That summer our Security Police unit was sent to Savannah Georgia to pull a joint medivac exercise with our air evacuation medical unit. Our job was to act like patients. I was excited about going to Savannah because it was such a historic city and I planned to take Debbie and Melanie with me. Melanie was only two and Debbie could not bear leaving her at home. We left the older kids with her sister Judy in Nashville. The motel we found was in a bad part of Savannah. While I was training one day Debbie said that she was propositioned and someone tried to sell her drugs on the way to breakfast in a nearby restaurant. Otherwise we had a fun time in Savannah. We went to Tybee Island, the riverfront and Ft. Pulaski. One day we drove up to Charleston and went out to Ft. Sumter and drove around Meeting street, King street and the battery. Overall that summer camp was more like a family vacation.  Our primary responsibility however was to support our air evacuation squadron. I worked second shift guarding their medical tent and supplies. Finally the day came when our Security Police unit posed as patients in a simulated combat zone. Some of our guys were picked to have head, stomach, chest, arm and leg wounds. They were made out of rubber and looked pretty realistic. I was strapped to a stretcher and waited for the nurses to carry me on to the plane. We had the old C-130 A models and they were sitting on the flight line with their ramps down and the engines running. I hadn't been on a plane since I left the Air Force and I was pretty nervous. The planes were configured to carry stretchers and they were taking off and flying once around the air field. When my time came two flight nurses picked me up and ran in the direction of the plane. About halfway there the nurse behind me screamed in pain and she dropped me on my head. Luckily the wooden handles took the brunt of the impact when my head hit the pavement. The nurse that dropped me dislocated her shoulder and would have to have surgery. I was totally helpless and almost became a real patient. After they determined that I was okay I was again picked up by nurses and hot loaded on to the C-130. My stretcher was placed up high on a rack and locked into place. It was a weird feeling flying flat on my back and unable to move. As the 1970's came to a close gas prices were high and inflation was on the rise.  Because of rising interest rates the real estate business was virtually dead and we were facing economic stagnation. Unemployment was rising because our heavy industries like the steel industry, and the car industry was not prepared for the rise in gas prices and the onset of foreign competition, especially from the Japanese. Then there was the humiliation of our embassy personnel being taken hostage in Iran. It seemed that America was in decline. America was still in a funk over our defeat in Vietnam and the state of our national defense was in a sad shape. Little did we know at the time that the 1980's would be a more prosperous decade and we would have a president that would restore faith in America.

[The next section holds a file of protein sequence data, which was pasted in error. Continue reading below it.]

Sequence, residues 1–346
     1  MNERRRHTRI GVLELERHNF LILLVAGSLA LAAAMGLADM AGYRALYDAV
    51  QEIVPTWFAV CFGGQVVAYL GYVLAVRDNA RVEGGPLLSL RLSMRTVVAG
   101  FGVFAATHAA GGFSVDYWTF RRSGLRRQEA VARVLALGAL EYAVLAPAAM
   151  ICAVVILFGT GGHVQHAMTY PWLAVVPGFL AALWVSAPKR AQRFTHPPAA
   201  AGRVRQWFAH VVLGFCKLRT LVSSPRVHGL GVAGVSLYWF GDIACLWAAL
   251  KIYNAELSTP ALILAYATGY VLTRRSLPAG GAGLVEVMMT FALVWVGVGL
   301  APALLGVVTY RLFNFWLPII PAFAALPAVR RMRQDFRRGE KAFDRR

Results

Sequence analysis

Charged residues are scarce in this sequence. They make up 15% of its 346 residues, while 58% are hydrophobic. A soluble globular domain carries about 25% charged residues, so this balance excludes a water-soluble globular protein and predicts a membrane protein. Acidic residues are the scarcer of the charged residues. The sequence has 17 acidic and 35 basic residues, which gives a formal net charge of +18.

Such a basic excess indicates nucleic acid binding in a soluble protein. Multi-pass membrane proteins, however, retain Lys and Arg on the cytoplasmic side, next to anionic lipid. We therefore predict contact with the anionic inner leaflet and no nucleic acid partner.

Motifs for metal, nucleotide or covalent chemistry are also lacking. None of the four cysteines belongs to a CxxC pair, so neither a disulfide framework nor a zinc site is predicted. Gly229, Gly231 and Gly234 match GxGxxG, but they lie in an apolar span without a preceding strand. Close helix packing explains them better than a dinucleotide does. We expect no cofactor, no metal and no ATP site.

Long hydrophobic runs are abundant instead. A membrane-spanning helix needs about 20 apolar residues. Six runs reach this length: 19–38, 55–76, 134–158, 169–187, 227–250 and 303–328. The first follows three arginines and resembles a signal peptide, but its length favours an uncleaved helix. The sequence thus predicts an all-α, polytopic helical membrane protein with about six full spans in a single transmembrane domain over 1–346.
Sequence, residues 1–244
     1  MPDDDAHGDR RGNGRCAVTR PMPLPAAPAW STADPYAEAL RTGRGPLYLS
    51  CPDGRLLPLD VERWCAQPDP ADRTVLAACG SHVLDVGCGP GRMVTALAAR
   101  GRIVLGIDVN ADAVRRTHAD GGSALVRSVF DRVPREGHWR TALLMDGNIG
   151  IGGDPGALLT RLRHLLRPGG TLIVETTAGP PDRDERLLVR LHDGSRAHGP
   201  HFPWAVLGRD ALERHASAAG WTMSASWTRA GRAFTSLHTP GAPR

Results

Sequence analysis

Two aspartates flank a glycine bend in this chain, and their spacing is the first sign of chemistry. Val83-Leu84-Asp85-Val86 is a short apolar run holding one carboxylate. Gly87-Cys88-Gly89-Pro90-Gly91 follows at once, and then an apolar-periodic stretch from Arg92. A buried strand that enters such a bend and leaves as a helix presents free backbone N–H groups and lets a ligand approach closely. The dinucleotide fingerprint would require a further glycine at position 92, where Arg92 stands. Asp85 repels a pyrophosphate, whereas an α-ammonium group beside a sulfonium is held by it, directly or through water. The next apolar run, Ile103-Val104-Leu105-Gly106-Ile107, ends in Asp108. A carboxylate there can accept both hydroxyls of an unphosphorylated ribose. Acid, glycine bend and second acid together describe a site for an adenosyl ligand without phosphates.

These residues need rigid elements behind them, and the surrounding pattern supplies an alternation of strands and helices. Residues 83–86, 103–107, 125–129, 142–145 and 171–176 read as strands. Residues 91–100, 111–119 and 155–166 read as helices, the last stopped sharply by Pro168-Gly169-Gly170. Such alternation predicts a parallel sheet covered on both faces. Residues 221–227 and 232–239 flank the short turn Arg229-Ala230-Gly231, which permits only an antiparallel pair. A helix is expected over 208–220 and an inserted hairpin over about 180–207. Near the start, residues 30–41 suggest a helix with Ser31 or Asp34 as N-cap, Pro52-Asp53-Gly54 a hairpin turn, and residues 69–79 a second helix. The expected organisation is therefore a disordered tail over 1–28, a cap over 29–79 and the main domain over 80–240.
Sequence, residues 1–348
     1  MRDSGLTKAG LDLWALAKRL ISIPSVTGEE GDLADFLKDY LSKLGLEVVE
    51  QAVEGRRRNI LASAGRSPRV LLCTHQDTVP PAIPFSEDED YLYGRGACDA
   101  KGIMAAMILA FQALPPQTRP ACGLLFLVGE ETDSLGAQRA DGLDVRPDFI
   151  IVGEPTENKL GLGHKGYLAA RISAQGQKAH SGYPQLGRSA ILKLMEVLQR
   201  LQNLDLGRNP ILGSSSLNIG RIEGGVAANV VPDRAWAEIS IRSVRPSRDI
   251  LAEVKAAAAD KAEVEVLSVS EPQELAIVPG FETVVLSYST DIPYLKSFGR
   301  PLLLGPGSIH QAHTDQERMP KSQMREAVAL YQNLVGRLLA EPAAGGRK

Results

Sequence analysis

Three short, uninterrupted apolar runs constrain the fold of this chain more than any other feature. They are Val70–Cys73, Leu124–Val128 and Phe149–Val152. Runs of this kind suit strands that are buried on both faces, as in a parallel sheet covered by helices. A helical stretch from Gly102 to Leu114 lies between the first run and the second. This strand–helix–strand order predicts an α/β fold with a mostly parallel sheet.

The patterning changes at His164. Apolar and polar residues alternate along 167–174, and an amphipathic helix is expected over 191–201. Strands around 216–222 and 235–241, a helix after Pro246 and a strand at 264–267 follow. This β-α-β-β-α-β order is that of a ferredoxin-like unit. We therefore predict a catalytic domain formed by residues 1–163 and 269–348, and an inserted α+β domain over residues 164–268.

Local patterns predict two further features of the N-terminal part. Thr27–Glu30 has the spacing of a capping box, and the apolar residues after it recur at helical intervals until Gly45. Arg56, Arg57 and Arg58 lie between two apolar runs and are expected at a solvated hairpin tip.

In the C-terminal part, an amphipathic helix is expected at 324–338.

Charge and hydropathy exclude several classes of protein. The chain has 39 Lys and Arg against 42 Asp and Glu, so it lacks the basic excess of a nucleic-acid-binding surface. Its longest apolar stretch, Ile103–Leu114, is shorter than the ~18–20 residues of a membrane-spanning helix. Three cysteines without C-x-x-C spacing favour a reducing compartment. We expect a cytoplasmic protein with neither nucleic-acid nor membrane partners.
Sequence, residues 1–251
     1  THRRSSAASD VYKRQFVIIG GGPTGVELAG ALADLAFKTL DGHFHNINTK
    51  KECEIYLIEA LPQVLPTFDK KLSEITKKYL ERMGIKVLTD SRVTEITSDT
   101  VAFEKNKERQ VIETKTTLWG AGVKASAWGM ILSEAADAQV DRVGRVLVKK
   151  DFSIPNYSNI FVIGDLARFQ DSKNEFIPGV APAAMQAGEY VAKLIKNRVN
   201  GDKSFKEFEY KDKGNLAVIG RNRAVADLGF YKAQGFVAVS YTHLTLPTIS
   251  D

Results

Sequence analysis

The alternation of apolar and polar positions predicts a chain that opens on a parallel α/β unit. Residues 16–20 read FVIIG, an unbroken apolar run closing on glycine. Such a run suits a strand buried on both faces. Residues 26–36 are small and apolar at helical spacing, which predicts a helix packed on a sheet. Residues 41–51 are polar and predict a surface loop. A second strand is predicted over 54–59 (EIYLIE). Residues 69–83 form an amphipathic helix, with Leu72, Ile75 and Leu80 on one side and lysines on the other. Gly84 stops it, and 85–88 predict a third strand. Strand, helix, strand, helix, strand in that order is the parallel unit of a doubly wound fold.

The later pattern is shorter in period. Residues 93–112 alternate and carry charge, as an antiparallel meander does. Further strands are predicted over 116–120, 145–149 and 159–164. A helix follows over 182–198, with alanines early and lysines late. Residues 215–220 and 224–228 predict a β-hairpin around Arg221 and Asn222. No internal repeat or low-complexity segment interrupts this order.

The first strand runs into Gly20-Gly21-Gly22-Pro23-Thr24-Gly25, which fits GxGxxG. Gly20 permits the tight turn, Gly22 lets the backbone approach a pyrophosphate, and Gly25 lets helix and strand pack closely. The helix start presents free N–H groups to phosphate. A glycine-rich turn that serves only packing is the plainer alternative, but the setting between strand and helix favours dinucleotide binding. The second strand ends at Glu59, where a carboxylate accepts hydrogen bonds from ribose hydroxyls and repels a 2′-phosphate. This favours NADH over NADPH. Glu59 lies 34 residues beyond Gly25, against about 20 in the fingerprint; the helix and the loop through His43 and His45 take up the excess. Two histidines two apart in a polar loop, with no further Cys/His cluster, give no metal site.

On the flight line in Savannah's Travis Field

Medical Tent at Travis Field, Savannah Ga.

Me and Melanie in Savannah

Melanie in Charleston's Battery